ABCD: Disability and Imaging – Nursing Care for Acute Spinal Cord Injury

by Rhonda Lawes, PhD, RN

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    00:01 So we've looked at airway, breathing, circulation.

    00:05 Now we're down to the D, for disability. So always thinking about the neurologic status and not extending the injury.

    00:13 So, we wanna make sure, until you know what the status is of that spinal cord.

    00:17 In the patients brought into ER, they're gonna have to figure out, "Does the patient have a spinal cord injury or not?" So until they can rule that out, they keep the neck immobilized.

    00:27 Now, you'll read, there's a lot of controversy row, "What should we use? Shall we use collars or not?" So there's a lot of discussion going on about that.

    00:35 But, our idea is - the goal here is that we wanna keep that patient in a neutral place.

    00:42 So whatever the policy is in your area, in your hospital, a lot of times it's a cervical collar.

    00:47 You wanna make sure that you keep that neck in a neutral place.

    00:51 Athletic headgear. If this happened on an athletic event, and let's say happened at a football game and the athlete is wearing a helmet, leave the helmet on, don't take it off.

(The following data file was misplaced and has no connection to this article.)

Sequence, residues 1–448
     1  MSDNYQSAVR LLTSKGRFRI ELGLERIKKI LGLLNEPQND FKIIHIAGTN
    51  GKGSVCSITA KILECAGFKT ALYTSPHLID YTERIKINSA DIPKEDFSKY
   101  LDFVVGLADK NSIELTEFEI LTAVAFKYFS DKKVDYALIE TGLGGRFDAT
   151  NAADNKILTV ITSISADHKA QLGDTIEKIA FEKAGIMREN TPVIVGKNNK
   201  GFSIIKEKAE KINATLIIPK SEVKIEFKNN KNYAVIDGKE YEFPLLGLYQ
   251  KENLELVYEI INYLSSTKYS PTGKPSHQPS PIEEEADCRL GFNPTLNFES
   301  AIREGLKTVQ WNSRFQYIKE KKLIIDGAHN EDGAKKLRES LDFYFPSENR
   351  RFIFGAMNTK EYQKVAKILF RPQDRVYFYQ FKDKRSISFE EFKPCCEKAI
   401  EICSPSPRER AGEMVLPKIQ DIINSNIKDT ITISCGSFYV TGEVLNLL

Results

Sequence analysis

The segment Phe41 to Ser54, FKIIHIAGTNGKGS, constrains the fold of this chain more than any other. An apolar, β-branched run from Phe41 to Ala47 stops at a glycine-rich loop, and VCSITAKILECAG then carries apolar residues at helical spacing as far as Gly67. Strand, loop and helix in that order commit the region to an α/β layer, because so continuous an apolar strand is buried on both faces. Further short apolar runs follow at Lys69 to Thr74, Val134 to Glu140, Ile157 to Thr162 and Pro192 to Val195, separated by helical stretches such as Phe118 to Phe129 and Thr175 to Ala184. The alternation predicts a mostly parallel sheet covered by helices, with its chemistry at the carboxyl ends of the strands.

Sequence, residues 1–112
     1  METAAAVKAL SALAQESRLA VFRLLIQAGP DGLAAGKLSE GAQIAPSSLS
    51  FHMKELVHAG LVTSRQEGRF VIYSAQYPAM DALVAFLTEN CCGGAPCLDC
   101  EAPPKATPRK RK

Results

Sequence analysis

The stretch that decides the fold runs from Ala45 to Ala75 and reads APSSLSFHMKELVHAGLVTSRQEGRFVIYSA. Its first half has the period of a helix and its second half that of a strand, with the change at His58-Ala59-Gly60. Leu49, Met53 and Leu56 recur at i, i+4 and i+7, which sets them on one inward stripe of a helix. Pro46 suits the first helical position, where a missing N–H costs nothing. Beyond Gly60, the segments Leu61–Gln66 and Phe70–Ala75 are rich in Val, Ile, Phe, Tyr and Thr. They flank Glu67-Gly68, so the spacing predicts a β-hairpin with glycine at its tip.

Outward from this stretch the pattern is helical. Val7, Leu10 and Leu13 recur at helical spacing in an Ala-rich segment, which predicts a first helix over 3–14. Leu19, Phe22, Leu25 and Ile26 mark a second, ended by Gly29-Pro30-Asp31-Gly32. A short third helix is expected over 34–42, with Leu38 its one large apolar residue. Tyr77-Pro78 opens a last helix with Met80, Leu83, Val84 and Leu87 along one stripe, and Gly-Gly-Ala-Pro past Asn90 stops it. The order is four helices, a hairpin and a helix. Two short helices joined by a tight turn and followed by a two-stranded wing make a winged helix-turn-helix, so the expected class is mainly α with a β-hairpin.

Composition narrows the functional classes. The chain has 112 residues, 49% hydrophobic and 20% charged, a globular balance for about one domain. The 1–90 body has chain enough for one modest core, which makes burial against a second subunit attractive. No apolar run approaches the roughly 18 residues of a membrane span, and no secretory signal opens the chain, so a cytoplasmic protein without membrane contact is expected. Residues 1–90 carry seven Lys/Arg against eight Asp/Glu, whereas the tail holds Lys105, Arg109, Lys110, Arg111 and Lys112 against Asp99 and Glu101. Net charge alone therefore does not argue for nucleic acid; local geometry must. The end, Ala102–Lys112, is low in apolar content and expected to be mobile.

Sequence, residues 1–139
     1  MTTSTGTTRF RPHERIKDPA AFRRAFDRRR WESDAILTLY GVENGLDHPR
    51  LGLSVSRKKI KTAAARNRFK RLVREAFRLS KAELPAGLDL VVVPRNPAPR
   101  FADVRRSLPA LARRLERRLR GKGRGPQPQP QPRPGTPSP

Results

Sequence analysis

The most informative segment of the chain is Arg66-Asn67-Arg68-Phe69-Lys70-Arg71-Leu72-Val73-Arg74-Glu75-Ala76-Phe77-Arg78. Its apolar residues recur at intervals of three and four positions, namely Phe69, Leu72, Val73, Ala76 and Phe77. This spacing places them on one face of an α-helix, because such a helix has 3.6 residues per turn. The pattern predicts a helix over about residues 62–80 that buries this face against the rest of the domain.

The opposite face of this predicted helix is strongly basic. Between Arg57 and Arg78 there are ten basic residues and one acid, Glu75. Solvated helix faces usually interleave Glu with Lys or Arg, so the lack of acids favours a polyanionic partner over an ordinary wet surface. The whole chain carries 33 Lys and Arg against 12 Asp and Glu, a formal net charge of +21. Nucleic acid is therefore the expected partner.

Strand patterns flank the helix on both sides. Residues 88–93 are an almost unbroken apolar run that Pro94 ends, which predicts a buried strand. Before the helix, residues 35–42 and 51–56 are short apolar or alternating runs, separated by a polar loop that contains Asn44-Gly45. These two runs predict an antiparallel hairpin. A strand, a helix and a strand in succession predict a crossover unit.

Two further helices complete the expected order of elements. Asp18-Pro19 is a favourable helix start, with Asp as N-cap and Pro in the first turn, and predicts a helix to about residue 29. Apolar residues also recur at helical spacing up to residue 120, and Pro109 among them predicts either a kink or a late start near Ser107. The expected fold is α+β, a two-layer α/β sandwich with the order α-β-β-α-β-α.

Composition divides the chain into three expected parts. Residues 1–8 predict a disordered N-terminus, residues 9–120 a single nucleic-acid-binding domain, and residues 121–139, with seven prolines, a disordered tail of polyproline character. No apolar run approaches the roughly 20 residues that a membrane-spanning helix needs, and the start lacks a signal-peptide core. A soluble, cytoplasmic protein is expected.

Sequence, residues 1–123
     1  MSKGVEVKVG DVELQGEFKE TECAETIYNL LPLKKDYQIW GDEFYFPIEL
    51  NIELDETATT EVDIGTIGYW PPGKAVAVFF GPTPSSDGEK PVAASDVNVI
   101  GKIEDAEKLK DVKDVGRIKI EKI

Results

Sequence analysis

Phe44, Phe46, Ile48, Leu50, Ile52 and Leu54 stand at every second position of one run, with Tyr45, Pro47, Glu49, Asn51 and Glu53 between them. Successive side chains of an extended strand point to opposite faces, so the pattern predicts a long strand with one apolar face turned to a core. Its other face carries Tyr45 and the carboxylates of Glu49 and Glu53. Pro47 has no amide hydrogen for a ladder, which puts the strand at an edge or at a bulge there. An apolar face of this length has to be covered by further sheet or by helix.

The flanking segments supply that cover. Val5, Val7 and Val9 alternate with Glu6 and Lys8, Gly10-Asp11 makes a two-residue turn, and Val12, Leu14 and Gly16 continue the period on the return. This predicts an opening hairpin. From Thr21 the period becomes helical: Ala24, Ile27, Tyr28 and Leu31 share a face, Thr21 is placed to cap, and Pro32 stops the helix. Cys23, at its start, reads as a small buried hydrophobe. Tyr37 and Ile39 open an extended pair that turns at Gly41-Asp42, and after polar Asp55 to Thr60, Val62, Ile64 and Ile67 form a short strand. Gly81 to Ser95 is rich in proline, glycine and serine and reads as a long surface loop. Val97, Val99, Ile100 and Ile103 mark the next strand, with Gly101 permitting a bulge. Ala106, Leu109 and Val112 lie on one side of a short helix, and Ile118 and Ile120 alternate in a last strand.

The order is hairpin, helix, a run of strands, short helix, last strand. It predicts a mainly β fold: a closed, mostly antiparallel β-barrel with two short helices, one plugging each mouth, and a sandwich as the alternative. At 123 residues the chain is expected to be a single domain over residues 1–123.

01:02 Because remember, the goal is, a neutral position of the neck, whatever it takes to get them in that.

    01:08 So, we talked about airway, breathing, circulation and disability, neurologic status.

    01:14 Remember, if a spinal cord injury is suspected, you wanna do everything you can to protect that spinal cord and keep it in a neutral position until it can be ruled out in an emergency setting.

    01:25 Now we're gonna look at how that injury is actually ruled out.

    01:31 Many trauma patients have cervical spine imaging to rule out traumatic spinal cord injury.

    01:36 So let's talk about what the imaging studies are.

    01:39 You might do - see them do a cervical x-ray.

    01:43 After they do a neuro assessment and they're concerned about a possible injury, I can now begin a really rapid assessment of alignment and fractures and if there's some soft tissue swelling.

    01:53 So, cervical x-ray maybe the first thing they do. CAT scan, depending on how quickly they can get there will show bone damage.

    02:00 And an MRI; magnetic resonance imaging; after the spine is stabilized might show the extent of the spinal cord damage.

    02:09 So these are three very common tests; cervical x-rays, CAT scan and MRI.

    02:15 Remember when you're taking a patient to MRI, no metal, not for you or for the patient because the M stands for magnetic.

    About the Lecture

    The lecture ABCD: Disability and Imaging – Nursing Care for Acute Spinal Cord Injury by Rhonda Lawes, PhD, RN is from the course Spinal Cord Injuries and Syndromes (Nursing) .

    Included Quiz Questions

    1. To limit disability
    2. To achieve better imaging
    3. To conserve the client's energy
    4. To easily assess the client

    Author of lecture ABCD: Disability and Imaging – Nursing Care for Acute Spinal Cord Injury

     Rhonda Lawes, PhD, RN

    Rhonda Lawes, PhD, RN

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